Pollock isn’t likely to play 150+ games, but that’s why his ADP remains so affordable for such a good hitter (and fantasy contributor). After swatting 16 homers in fewer than 200 ABs in 2020, Pollock added 30 homers/steals in just 384 ABs last year, when he was also in the top 10% of the league in expected batting average. Pollock can remain a fine source of counting stats despite hitting at the bottom of LA’s lineup, as the Dodgers are projected to score by far the most runs in baseball. Pollock will be a fantasy difference-maker when in the lineup.
Miami Marlins: Anthony Bender
Even though Bender has emerged as one of baseball’s best relievers, he’s still plenty affordable at draft tables with Miami’s closer’s role up for grabs. His ADP is admittedly on the rise with presumptive closer Dylan Floro dealing with arm soreness, but don’t be surprised if Bender runs away with the job (Anthony Bass is another option). Fangraphs expects the Marlins to be much improved and projects them to have a winning record this season, so more save opportunities should be in store as well.
Milwaukee Brewers: Aaron Ashby
Ashby’s exact timetable remains unclear, but he’s going to be part of Milwaukee’s rotation this season one way or the other (possibly a 6-man to open the year? Adrian Houser’s luck ending? Injuries?). Ashby struck out a whopping 100 batters over 63.1 innings in Triple-A last season, and beneath his 4.55 ERA with the Brewers (in limited work) was a 3.03 expected ERA and a 1.17 WHIP. There’s something clearly going on with pitching in Milwaukee; three Brewers starters ranked in the top-seven in K% last season, while three of the team’s relievers ranked top-10.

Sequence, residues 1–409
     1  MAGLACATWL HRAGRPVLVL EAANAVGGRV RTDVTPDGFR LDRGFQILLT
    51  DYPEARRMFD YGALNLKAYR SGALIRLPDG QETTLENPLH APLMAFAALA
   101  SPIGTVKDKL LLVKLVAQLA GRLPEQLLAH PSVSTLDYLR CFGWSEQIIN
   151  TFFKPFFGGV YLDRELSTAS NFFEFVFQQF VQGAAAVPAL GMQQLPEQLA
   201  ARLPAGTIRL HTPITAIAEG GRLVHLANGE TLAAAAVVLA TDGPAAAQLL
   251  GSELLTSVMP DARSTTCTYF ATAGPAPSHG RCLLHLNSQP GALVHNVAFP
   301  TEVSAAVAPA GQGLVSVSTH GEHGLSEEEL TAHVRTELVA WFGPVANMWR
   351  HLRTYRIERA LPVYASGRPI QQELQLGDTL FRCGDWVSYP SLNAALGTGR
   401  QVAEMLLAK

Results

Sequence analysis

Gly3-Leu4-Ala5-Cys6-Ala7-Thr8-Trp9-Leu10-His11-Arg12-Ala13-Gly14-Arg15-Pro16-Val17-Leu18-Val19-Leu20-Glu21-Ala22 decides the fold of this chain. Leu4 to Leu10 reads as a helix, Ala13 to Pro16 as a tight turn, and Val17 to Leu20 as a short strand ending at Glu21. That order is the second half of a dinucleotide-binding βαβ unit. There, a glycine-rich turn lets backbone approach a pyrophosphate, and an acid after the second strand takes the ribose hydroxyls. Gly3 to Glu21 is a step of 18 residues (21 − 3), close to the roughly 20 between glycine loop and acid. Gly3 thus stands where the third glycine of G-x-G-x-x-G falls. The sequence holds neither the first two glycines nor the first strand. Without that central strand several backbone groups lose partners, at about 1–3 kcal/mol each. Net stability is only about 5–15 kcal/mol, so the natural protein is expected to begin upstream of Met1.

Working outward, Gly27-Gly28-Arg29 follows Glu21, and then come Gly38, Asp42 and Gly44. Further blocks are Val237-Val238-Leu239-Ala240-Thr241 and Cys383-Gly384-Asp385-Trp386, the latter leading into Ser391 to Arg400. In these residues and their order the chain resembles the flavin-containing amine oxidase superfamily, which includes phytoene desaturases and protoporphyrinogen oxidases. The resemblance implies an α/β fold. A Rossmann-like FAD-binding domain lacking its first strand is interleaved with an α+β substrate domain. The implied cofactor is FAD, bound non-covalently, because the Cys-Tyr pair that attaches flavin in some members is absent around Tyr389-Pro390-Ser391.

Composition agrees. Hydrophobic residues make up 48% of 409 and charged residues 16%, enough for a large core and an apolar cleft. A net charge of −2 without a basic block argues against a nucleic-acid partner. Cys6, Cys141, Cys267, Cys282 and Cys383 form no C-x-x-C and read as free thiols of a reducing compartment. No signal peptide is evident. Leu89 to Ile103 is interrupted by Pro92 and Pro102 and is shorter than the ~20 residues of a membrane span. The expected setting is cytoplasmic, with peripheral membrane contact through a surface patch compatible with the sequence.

It helps that Miller Park increases strikeouts by 7% (third-most in baseball). Ashby is lasting almost to pick 250 in Yahoo leagues, but he’s going to make a major impact over 130-150 innings.
Minnesota Twins: Bailey Ober
The 6-foot-9, 260-pound Ober is going near pick 250 in fantasy drafts despite recording a K-BB% (20.3) that would’ve ranked 16th among starters had he qualified last year. His rookie season also featured a 3.49 ERA and a 1.11 WHIP after the All-Star break, and Ober looks even more impressive when examined under the hood. With the addition of Carlos Correa at shortstop, arguably no team in baseball now fields a better defense up the middle (this is especially true when Ryan Jeffers starts and Gary Sanchez moves to DH). Moreover, Target Field has decreased homers by 10% over the last three seasons, while divisional opponents the Tigers, Royals and Guardians project as bottom-10 offenses. Ober is a late-round steal.
New York Mets: James McCann
McCann is cheap at draft tables coming off a rough first year in New York after signing a big contract. But he posted a 142 wRC+ the season prior, and it’s safe to expect a bounce back after experiencing a year of NL pitching. McCann could easily move up New York’s lineup should he return to hitting like he did from 2019-2020.
New York Yankees: Gleyber Torres